It will be understood that many variations, from the construction shown can be made without departing from the invention. Thus in order to simplify the drawings a record strip having only eight :rows of perforations has been illustrated. However, as previously mentioned, similar record strips employed in player pianos now have as many as 88rows of perforations, and a similar number could be employed in the present system to provide a large number of useable channels, to which both the transmitting and receiving stations can be tuned, and also a large number of auxiliary channels at the transmitter for sending false signals.

If desired, the perforations corresponding to the false signals, may be omitted from the record strip at the receiver. However this is not necessary. The record strip at the transmitting and the receiving stations can be identical in all respects, and any number of rows of perforations in the record strip at the receiving station can be rendered ineffective by blocking the passages 46 in the receiving head that correspond to the false channels. It will also beobvious that the control heads 39 and 39′ at the transmitting and receiving stations, respectively, can be identical but the contact springs 54 and 58 (Fig. 6) at the receiver can be left disconnected in those channels in which false signals are transmitted.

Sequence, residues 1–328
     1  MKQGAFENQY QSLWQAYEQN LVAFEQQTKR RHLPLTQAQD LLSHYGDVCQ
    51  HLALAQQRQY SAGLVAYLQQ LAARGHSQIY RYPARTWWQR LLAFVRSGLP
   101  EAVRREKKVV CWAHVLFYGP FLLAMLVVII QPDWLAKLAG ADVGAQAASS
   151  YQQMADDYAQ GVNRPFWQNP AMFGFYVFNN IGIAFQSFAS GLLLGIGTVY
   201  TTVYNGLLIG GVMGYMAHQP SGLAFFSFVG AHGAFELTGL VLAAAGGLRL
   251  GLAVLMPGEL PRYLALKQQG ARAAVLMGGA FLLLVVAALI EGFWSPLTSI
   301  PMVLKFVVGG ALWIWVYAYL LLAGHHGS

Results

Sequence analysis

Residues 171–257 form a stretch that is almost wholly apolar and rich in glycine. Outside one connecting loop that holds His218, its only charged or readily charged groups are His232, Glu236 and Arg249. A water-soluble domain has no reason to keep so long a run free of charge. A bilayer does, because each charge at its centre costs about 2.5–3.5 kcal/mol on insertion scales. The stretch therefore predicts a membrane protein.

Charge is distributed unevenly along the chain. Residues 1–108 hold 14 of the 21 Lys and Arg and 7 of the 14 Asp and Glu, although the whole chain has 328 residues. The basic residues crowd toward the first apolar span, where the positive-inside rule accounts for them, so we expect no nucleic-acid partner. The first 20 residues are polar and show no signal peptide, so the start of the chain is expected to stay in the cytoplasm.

A very important feature of our system is that only relatively few and relatively short signals need be transmitted. Thus it is necessary only to close one of the keys L or R momentarily to deflect the rudder 83 by one increment in either direction. The transmission of a very short impulse may not be discovered by the enemy at all. Even if the enemy should pick up one of the impulses transmitted, he would not know whether it was an effective signal or a false signal. Furthermore, it is quite possible to so arrange the records that the receiver is never twice tuned to the same frequency.